Second, he claimed to be a Christian. He’d gone to church a billion times and heard as many sermons. He was a longstanding member of a Presbyterian church that appeared to be, to put it charitably, light on the gospel. Though Grandpa was a man of impeccable integrity and faithfulness, he didn’t display fruit that would be characterized as Christlike (Matt. 7:16; Gal. 5:22-23).

     Third, he was family. It’s always tough to share the gospel with family since they know all about you—the good, bad, and the real bad. Grandpa knew me when I was a womanizing cokehead who mocked religion and disgraced my family. Though Jesus has done a wonderful work in my life, I was still aware that Grandpa knew my past. And on this particular occasion, it haunted me.

     Before the trip, I prayed and asked others to do the same with the hope God would soften his heart and give me courage to speak truth. The Lord answered those prayers as on the last day of the trip I had a clear 30-minute gospel conversation with him. At first it was a little tough, but I believe the Lord blessed our time together.

     Though Grandpa raised numerous questions and shared some of his doubts, he expressed willingness to consider the news I’d relayed to him. Once I returned I sent him a letter addressing his questions, some selected Scriptures to consider, and a copy of my friend Mike McKinley’s excellent book Am I Really a Christian?. We had one follow-up conversation, during which he remarked, “I’ve never understood this ‘born-again’ thing, but I think I’m starting to get it.”

     Granddad died on December 17, 2012, with his wife of 55 years by his side. He’d requested to be cremated, and my grandmother fulfilled his request. I had the honor of leading a memorial service in his birthplace of Currituck, North Carolina.

Seed Sown

     In the days since Grandpa’s death, I’ve often wondered whether the seed sown upon his soul took root. I have hope that God brought about repentance and faith in my grandfather before he died, but I cannot be certain. What I can be certain of, however, is that the words of Scripture are true: “The fear of man is a snare” (Prov. 29:25).

     No matter what man we fear (even if it’s Grandpa), fear is a snare. Fear is a snare for us, and it’s a snare for those who need to hear the message that can save their souls. The gospel is the power of God for salvation (Rom. 1:16), and it is good news. Yet as Carl F. H. Henry observed, it is “only good news if it gets there in time.”

     I haven’t always obeyed the Lord’s call for me to share the gospel. To this day several scenes haunt my memory. I know, however, that although I’ve withheld the gospel from some, God’s mercy extends to me. His grace abounds to undeserving rebels like me.

     The conversation with my grandfather was one of the toughest I’ve ever had, but I’ve been sobered in the hindsight of his death. My fear appears quite shortsighted today, for at this moment he’s in eternity. He sees what we have only heard. Christ is more real to him now than when we sat at the kitchen table and read the Scriptures that pointed to the Lord of glory.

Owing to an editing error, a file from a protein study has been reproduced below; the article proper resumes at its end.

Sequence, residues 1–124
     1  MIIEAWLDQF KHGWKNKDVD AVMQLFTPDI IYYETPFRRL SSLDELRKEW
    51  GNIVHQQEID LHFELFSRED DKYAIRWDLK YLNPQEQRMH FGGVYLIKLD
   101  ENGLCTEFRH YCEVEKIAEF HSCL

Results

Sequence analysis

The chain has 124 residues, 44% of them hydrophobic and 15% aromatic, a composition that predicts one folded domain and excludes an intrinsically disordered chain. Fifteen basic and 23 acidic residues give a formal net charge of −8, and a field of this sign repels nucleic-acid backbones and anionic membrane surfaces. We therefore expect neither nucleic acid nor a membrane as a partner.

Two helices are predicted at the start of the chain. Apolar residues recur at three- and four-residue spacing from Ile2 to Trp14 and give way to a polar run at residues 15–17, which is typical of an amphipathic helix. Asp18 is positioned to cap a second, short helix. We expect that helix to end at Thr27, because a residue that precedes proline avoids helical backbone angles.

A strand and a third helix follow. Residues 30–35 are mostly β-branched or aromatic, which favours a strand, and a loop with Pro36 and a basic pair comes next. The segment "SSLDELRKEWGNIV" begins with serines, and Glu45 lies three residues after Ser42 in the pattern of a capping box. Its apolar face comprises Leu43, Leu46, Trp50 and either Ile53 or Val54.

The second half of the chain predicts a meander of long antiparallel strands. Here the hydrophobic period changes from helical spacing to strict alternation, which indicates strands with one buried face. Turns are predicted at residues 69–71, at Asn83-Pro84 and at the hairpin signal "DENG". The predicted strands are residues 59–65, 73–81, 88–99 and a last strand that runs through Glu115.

I trust that on that last day when we all stand before that great judgment throne, the fear of man will be exposed for utter foolishness. The weightiness of eternity presses us into deeper dependence on Christ to do what he’s called us to do—while we still can. To be paralyzed by fear of human opinion, rather than stirred to declare the truth that can deliver from destruction, is a most saddening tradeoff.

     God has placed each of us in our families, neighborhoods, classrooms, and workplaces to be ambassadors of Christ (2 Cor. 5:20). We aren’t there by chance, and there is no time to waste. Pray for God to open doors for the gospel. Ask him to give you courage to speak his name.

     I’m convinced that one day, when standing before his Son, those tough conversations will be among those we’ll be eternally glad we had.

What Did St. Francis Really Say About Preaching the Gospel?

If you’ve ever talked with a Christian about evangelism, you’ve probably heard the now famous words attributed to St. Francis of Assisi that go something like this— “preach the Gospel at all times, use words if necessary.”

That’s tweetable, but did St. Francis really say that? And more importantly, is it wise advice?

This slogan is actually an apparent misquote of what Francis said in chapter 17 of his Rules of the Friar (1221). Here’s the quote in full:

Ch. 17 — Of Preachers.

“Let none of the brothers preach contrary to the form and institution of the holy Roman Church, and unless this has been conceded to him by his minister. But let the minister take care that he does not grant this leave indiscreetly to anyone. Nevertheless, let all the brothers preach by their works. And let no minister or preacher appropriate to himself the ministry of brothers or the office of preaching, but let him give up his office without any contradiction at whatever hour it may be enjoined him. Wherefore I beseech in the charity which God is all.”

What St. Francis told his friars was not to preach unless they had received proper permission to do so. And that even if they didn’t get to preach, he wanted to make sure that “all the brothers preach by their works.”

I don’t post this to defend St. Francis and his theology. To be honest, I’ve never read anything else he’s ever said (except some of his bird sermons). I do know however that somewhere along the line, someone stretched what he said into something Jesus and the Scriptures never say.

We must preach the Gospel at all times, and to do that we must use words. We can’t preach by our deeds. That’s like saying feed hungry people, use food if necessary.

The Gospel is a message that must be proclaimed with words. We can and must affirm the message of the Gospel by our deeds, but we can’t live the message clearly enough to help people know that we aren’t just moral atheists or Hindus or Muslims or Mormons. Jesus was the Word made flesh, but still used words to warn, instruct, and encourage those he ministered to.

The way people know who Christ is, what He requires of them, and why we live the way we do is to proclaim, with words, the Gospel of Jesus Christ.

So, preach the Gospel at all times, and since its necessary, use words.